Safaricom gets Reprieve from Attorney General in Dominance Battle
Over the last few months, there has been a raging debate between the Communication Authority of Kenya, the ICT ministry and Safaricom, with regards to regulations seeking to declare Safaricom the dominant player. The regulations which, are in parliament sought to give the Communication Authority of Kenya powers to declare any firm with more than 50% of the market a dominant player. The clarion call for the regulation has been championed by Bharti Airtel, which is the second largest player in the Kenyan market. With Safaricom declared the dominant player, the CA will have say in how tariffs and pricing is effected. Safaricom on the other hand went on a charm offensive with its CEO penning op-eds in local dailies, against the regulations, which would also see Safaricom’s operations split into independent entities.
Safaricom can finally breathe a sigh of relief after the Attorney General wrote to the ICT Cabinet secretary seeking the withdrawal of the regulations from parliament. According to Business Daily, the AG also advised that the regulations be subjected to discussions by all stakeholders as per a memorandum between the Communication Authority and Competition Authority of Kenya. The competition authority had written to the ICT ministry seeking the withdrawal the regulations, calling some clauses retrogressive. CAK, the body charged with the mandate of regulating and creating a fair field in all sectors of the economy has previously stated that Safaricom is in no way abusing its dominance. In the draft rules, the CA had deleted a clause that required it to prove abuse of dominance of by telcos, arguing that the clause had made it difficult to punish errant firms.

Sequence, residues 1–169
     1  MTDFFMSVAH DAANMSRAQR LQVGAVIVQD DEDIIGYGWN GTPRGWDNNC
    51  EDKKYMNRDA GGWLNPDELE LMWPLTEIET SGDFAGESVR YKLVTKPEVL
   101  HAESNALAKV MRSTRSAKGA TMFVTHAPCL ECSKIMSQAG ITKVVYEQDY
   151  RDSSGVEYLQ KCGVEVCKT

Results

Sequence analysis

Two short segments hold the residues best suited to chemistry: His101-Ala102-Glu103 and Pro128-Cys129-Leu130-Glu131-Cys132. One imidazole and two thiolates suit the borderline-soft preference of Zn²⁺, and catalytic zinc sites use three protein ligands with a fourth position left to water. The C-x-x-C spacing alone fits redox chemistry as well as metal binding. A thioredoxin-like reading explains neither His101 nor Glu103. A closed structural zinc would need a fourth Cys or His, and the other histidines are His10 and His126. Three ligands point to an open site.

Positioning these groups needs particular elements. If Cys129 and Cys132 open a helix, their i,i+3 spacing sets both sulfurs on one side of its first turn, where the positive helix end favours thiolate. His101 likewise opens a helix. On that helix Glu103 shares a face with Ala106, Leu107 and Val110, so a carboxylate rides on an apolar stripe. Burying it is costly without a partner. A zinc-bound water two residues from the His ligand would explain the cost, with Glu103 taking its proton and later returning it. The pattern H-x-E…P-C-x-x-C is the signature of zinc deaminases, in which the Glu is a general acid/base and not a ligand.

Safaricom CEO Bob Collymore has previously lashed out at the proposed regulations saying the firm rightfully earned its position in the market through innovation and continued investment in network infrastructure. Global best practices demand a review of an industry to determine if there are high barriers of entry, if the dominant position is expected to persist indefinitely and whether the dominant player is abusing the power that comes with the position. In a meeting with the Senate ICT Committee last week, the CEO reaffirmed that Safaricom was not abusing its position hence no need to enact the legislation likely to hurt its plans to become a global brand.
Source: Business Daily 5th August 2015